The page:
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Survey supports new $26.5 million elementary for H-BC

Board to decide Dec. 27 on proceeding with building referendum; vote would be in April
Mavis Fodness

Residents in the Hills-Beaver Creek School District support a new elementary school but do not support additions to the secondary school.
That’s according to a district-wide survey conducted by School Perceptions out of Slinger, Wisconsin, for the district.
H-BC School Board members reviewed the results at their Monday meeting and will present the information to the district’s stakeholder committee.
Board members will meet in a work session at 7 p.m. Monday, Dec. 19, to hear the stakeholder committee’s recommendation. They will also hear more information from the architect and construction manager hired to examine the district’s long-term facility needs.
“We heard loud and clear we are not to make any additions to the secondary school,” said superintendent Todd Holthaus.
“We also heard loud and clear not to add a track and field practice field or a competitive football field.”
However, the majority of H-BC residents supported building a new elementary school in Beaver Creek rather than updating the current facility.
District households were mailed a notice in mid-November directing them to participate in the online survey with their assigned I.D. number.
The survey had 348 respondents or a 30 percent response rate. The survey’s error of margin is 5.4 percent.
Results divided respondents into three groups: school staff, parents with children currently in the district, respondents without children in the district.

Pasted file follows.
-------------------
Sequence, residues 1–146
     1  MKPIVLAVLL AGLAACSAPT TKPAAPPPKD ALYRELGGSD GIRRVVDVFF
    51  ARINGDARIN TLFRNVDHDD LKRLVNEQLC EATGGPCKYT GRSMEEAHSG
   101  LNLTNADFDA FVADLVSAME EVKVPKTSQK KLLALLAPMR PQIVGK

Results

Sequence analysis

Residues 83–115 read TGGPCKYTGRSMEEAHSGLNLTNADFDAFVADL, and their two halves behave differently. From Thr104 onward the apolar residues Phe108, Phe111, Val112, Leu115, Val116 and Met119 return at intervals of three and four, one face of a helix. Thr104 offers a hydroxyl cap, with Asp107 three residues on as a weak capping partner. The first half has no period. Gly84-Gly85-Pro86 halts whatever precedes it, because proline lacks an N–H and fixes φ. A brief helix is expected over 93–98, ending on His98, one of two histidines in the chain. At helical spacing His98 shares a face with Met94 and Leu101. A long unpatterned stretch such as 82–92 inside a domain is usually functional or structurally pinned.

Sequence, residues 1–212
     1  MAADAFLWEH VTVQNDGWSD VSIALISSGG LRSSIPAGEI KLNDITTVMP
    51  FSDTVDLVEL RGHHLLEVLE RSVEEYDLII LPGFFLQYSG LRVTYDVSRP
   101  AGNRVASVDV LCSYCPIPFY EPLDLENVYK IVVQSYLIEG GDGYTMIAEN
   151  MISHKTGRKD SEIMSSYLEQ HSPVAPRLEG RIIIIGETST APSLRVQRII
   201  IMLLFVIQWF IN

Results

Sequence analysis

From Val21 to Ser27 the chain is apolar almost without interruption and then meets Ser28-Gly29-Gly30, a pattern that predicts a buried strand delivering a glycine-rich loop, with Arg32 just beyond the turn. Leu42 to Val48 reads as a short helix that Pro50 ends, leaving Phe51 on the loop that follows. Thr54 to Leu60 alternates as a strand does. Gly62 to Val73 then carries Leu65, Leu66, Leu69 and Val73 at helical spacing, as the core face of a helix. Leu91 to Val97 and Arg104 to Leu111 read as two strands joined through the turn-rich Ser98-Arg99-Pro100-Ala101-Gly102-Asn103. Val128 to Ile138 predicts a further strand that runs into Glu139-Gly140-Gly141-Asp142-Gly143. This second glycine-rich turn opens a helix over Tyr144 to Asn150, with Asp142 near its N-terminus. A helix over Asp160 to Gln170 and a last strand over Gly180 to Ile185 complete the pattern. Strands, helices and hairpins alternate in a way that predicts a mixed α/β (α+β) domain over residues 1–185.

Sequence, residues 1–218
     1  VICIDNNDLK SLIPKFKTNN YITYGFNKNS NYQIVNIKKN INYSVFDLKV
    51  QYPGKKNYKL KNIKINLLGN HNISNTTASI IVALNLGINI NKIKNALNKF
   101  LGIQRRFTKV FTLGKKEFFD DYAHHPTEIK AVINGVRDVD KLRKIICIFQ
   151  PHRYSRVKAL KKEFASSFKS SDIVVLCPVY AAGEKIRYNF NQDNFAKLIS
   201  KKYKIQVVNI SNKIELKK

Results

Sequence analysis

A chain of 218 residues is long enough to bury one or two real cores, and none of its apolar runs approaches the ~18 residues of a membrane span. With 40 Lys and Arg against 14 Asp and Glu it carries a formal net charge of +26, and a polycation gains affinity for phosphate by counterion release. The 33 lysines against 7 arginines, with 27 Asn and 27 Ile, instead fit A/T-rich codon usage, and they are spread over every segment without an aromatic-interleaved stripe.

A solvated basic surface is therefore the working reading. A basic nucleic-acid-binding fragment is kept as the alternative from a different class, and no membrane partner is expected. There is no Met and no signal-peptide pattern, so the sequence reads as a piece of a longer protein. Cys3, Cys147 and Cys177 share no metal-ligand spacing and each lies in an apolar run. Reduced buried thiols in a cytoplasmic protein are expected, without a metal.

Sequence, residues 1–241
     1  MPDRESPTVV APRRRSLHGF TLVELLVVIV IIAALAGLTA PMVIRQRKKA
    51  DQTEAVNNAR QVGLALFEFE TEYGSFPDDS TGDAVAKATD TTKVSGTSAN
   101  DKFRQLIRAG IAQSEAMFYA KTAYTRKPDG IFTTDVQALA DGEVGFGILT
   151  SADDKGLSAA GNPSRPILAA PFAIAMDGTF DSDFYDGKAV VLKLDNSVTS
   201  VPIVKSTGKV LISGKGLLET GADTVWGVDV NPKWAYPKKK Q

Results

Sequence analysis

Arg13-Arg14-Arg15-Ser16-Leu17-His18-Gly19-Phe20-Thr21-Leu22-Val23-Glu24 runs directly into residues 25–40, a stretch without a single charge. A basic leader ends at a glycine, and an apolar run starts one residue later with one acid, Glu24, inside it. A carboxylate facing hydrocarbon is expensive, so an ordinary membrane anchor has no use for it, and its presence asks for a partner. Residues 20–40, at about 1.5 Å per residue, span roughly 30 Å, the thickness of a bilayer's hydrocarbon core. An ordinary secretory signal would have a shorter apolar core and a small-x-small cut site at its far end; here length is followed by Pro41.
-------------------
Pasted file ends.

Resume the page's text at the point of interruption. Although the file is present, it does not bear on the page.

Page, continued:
About a third of the respondents in each group supported keeping the elementary school in Beaver Creek.
Just over 20 percent of all respondents supported moving the elementary school to Hills.
In the question about whether or not to build a new elementary school, results indicated:
•49 percent of staff would support building a new elementary. Just 9 percent of staff supported only updating the current facility.
•36 percent of parents supported building a new elementary, with 10 percent of parents supporting only updating the current facility.
•18 percent of non-staff, non-parents supported building a new elementary, with 16 percent supporting updating the currently facility only.
Board members will make a formal decision about a possible building referendum at their Dec. 27 meeting, after another board work session and Wednesday’s stakeholders’ meeting.
“They don’t want to preclude what the stakeholders want,” Holthaus said.
If the board agrees to go forward with a referendum, exact project details will be presented at yet-to-be determined public information meetings.
Estimated cost of the new elementary school is $26.5 million.
A potential referendum vote to fund the project could take place in April.

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